The Year of COVID-19 – South Dakota Humanities Council Celebrates End of Year Highlights After a Difficult Year

SDHC's 2020 EOY Highlights

While most people would agree that 2020 presented more than its share of challenges, it also provided positive moments. At the South Dakota Humanities Council, we were able to provide funding to organizations struggling to maintain operations during the coronavirus pandemic, connect people in new and exciting ways through virtual platforms, and much more.

As you turn the calendar to a new year, check out the South Dakota Humanities Council's end of year highlights.

1. Virtual Festival Proves the Written Word Can Still Unite Us

It was an unusual year and an unusual South Dakota Festival of Books. The event, like everything else in 2020, was turned on its ear by the coronavirus pandemic.

However, the "new normal" version of the South Dakota Festival of Books, unveiled as the Virtual 2020 Festival, proved that the written word is still crucial to American culture and retains the power to unite us. For many participants, the Virtual Festival served as a reprieve from the pandemic rather than a restrictive measure necessitated by it.

More than 60 local, regional and national authors were the stars of Zoom rooms," where self-expression was celebrated, as were anecdotes, poems, feelings, inspiration. From the nationally famous – World War Z author Max Brooks discussing his book that became a blockbuster hit starring Brad Pitt – to regional talents like Sioux Falls poet Dana Yost, who shared heartfelt verses about his experiences with mental health challenges, the event provided a welcome dose of humanity.

Readers logged in to hear new points of view. Smiling faces populated Zoom rooms, participants patiently waiting to hear about a new book or listen to a poem. Comments filled the Zoom chat section, where people typed in their questions and musings and received responses from presenting authors. Participants in these online conversations were considerate and reflective.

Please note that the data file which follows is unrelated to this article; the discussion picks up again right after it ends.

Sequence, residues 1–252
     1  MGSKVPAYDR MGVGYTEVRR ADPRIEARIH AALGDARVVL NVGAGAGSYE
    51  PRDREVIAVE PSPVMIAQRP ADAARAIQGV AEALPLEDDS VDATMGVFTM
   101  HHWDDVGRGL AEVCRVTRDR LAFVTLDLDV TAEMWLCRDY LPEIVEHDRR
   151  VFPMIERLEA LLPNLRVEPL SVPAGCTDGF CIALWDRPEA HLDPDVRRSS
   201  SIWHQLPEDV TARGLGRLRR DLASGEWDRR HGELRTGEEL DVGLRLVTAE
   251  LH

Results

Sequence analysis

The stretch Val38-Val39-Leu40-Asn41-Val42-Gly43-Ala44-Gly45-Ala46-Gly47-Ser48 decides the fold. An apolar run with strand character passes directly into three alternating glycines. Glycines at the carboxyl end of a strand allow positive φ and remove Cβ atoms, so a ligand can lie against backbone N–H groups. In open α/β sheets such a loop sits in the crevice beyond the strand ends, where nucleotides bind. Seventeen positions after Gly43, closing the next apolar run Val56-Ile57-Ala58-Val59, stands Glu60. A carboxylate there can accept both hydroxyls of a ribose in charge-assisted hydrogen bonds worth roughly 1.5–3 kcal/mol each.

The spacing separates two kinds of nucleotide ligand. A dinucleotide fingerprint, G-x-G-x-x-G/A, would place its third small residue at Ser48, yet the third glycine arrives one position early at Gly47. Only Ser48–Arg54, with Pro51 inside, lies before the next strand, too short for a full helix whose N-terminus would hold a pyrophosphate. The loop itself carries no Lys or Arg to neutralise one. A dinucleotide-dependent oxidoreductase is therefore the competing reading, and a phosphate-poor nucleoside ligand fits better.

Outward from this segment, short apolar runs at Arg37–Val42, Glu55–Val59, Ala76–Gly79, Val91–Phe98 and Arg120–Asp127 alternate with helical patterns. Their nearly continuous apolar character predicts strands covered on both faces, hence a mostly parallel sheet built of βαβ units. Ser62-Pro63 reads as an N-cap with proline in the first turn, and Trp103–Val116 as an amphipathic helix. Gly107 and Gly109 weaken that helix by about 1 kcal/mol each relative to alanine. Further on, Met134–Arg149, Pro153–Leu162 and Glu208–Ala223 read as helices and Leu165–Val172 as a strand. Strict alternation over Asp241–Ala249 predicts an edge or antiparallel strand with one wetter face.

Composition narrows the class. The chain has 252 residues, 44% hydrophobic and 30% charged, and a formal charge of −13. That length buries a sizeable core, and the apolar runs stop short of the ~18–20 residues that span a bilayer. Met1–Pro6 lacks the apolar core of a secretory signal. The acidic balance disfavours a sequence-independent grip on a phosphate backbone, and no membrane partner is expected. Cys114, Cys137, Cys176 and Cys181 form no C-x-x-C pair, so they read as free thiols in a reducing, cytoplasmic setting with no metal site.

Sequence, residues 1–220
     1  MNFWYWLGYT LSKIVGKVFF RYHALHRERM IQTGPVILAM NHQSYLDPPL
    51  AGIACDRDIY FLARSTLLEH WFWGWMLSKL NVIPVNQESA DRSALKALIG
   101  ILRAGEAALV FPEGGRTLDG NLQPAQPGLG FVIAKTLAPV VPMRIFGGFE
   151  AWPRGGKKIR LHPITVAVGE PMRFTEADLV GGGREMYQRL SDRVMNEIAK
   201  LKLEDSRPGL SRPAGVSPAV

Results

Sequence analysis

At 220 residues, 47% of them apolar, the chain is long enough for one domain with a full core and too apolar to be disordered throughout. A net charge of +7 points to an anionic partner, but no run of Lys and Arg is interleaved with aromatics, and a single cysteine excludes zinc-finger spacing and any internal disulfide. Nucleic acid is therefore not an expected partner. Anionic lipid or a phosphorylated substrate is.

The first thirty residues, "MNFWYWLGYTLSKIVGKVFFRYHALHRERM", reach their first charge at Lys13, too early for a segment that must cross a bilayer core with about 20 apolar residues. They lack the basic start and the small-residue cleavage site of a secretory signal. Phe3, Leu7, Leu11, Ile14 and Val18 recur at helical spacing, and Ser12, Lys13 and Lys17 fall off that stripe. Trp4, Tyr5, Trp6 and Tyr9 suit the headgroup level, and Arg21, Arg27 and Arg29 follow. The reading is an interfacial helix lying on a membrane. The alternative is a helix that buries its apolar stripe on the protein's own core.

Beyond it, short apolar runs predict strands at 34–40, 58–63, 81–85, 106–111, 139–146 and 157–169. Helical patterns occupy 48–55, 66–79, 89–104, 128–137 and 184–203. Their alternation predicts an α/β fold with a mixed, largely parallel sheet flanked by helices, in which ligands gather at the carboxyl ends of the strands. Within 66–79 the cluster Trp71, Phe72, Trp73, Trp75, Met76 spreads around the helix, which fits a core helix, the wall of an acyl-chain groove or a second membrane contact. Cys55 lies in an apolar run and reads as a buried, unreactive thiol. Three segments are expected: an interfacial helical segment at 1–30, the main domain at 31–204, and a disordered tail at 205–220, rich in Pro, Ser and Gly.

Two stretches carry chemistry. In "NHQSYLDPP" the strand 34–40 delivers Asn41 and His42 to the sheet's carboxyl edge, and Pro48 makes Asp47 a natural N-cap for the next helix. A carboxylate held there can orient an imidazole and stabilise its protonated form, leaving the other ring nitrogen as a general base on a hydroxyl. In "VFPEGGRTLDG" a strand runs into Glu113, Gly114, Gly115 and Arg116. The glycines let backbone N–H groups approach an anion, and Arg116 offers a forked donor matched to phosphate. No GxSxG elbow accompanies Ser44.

How did the written word provide a sanctuary? Perhaps sincerity is the key. Many presentations began with presenters saying, "I'm really sorry we can't gather in person." They meant it.

Authors, thoughtful and solitary, bury themselves in words, emerging every few years with 50-100,000 of them published in a book. The opportunity to meet people in person, to be "out in the world," can be especially rewarding. This year authors were grateful to meet readers virtually. Readers, equally grateful, were attentive as the authors discussed their creative work.

Contemplation is required for any level of understanding, and that is what the Virtual 2020 South Dakota Festival of Books afforded: an opportunity to understand and an exercise in compassion, empathy and patience. To watch recorded sessions from the 2020 Virtual Festival of Books, please visit sdbookfestival.com/virtual.

THANK YOU TO EVERYONE WHO JOINED US TO CONNECT OVER BOOKS, CONVERSE ABOUT IDEAS AND CELEBRATE WORDS.

2. SDHC Creates Discussion Program in Light of Nationwide Civic Unrest

To address civic unrest resulting from the George Floyd incident in Minneapolis, and to encourage civil conversation about racial bias and other divisive issues, the South Dakota Humanities Council created a weekly discussion program.

SDHC tapped longtime scholar Lawrence Diggs, who specializes in connecting people, to host "Brainstorming: The Human Connection." Free and open to anybody who has a Zoom account , the program unites strangers to help facilitate discussions about civic concerns.